Viewed by 588
Abstract
Intersection safety and drivers’ behavior are strongly interrelated, especially when the latter are located in dilemma zone. This paper explores, among others, the main factors affecting driver behavior, such as distance to stop line, approaching speed and acceleration/deceleration, and two additional factors, namely, [...] Read more.
Intersection safety and drivers’ behavior are strongly interrelated, especially when the latter are located in dilemma zone. This paper explores, among others, the main factors affecting driver behavior, such as distance to stop line, approaching speed and acceleration/deceleration, and two additional factors, namely, driver’s aggressiveness and driver’s relative position at the onset of the yellow signal. Field data were collected using unmanned aerial vehicle (UAV) technology. Two binary choice models were developed, the first relying on observed data and the latter enriched by the latent factor drivers’ aggressiveness and the vehicles’ relative position. Drivers were classified to aggressive and non-aggressive ones using a latent class model that combined approaching speed and acceleration/deceleration data. Drivers were further grouped according to their expected reaction/decision to stop or cross the intersection in relation to their relative position. Both models equally explain drivers’ decisions adequately, but the second one offers additional explanatory power attributed to aggressiveness. Being able to identify the level of aggressiveness among the drivers enables the calculation of the probability that drivers will cross the intersection even if caught in a dilemma zone or in a zone in which the obvious decision is to stop. Such findings can be valuable when designing a signalized intersection and the traffic time settings, as well as the posted speed limit. Full article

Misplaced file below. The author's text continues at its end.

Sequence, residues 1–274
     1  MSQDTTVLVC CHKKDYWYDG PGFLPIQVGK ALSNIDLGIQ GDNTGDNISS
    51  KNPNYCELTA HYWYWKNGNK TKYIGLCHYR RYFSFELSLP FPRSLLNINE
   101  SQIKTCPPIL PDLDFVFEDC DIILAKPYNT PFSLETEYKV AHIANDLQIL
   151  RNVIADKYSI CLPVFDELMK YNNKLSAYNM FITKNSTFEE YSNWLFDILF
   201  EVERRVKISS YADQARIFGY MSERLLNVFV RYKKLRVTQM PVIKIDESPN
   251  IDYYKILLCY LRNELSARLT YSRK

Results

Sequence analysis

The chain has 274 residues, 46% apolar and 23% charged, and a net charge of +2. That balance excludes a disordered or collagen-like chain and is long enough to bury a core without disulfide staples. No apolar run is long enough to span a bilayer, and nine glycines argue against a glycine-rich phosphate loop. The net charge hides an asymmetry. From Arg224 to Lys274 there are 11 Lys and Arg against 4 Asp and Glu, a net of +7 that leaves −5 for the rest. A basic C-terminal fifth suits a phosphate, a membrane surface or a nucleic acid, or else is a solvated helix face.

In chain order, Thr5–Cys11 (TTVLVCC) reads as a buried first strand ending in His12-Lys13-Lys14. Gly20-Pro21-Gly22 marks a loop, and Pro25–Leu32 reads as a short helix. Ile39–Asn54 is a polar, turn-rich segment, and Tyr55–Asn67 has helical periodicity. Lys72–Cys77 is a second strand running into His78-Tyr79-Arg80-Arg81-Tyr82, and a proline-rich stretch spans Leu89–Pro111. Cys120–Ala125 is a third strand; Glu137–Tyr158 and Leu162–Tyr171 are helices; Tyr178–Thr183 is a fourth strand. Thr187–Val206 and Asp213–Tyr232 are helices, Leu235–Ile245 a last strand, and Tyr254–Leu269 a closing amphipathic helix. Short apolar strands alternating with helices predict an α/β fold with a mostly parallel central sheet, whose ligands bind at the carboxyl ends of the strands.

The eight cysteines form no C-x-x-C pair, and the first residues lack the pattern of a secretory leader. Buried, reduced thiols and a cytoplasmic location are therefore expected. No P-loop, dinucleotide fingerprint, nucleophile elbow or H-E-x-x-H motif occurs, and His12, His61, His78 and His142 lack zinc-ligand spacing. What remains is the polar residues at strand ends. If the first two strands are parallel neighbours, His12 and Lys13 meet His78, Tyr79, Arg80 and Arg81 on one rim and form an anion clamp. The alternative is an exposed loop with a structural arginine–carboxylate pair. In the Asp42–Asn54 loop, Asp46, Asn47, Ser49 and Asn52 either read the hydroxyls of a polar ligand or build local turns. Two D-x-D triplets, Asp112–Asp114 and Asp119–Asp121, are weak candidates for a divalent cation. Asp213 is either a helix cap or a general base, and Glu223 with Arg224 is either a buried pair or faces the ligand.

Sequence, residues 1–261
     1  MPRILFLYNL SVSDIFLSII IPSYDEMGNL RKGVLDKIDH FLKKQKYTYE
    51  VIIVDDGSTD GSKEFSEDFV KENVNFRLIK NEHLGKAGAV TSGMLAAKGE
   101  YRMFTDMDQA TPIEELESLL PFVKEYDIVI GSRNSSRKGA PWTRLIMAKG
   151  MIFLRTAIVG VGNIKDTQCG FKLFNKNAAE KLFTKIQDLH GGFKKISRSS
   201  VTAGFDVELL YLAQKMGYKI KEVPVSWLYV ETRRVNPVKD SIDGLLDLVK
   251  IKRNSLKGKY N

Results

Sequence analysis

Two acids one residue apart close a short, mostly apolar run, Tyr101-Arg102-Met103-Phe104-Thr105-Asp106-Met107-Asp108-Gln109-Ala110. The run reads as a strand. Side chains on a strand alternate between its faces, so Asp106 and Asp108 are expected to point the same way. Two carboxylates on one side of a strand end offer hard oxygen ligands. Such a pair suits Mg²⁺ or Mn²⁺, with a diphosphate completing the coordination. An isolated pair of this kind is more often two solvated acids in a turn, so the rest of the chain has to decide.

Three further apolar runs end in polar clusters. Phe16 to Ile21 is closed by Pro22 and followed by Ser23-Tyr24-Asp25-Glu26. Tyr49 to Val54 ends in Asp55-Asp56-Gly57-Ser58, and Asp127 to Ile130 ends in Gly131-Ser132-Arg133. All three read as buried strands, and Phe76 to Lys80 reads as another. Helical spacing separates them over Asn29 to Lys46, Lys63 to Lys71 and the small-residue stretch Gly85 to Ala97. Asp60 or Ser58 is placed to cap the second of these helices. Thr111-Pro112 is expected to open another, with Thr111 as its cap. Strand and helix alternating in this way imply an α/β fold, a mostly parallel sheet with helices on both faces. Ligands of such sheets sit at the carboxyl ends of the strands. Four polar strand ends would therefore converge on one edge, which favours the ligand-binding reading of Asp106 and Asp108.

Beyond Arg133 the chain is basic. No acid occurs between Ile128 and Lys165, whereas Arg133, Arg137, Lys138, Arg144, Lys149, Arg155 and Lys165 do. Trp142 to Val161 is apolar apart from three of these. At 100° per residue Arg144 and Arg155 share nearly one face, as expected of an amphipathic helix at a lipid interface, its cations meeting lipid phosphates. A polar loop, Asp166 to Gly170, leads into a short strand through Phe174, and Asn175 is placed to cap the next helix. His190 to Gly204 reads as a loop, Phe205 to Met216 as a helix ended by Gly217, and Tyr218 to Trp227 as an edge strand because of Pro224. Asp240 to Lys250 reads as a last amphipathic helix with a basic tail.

(This article belongs to the Special Issue Transportation System Design)
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Open AccessArticle
Framework Development of an Asset Manager Selection Based on Risk Management and Performance Improvement Competences
Safety 2021, 7(1), 10; https://doi.org/10.3390/safety7010010 - 02 Feb 2021